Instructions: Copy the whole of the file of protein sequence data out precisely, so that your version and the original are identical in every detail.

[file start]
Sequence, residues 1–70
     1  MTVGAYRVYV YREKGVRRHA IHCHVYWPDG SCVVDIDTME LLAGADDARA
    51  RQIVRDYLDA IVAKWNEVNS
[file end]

Sequence, residues 1–70
     1  MTVGAYRVYV YREKGVRRHA IHCHVYWPDG SCVVDIDTME LLAGADDARA
    51  RQIVRDYLDA IVAKWNEVNS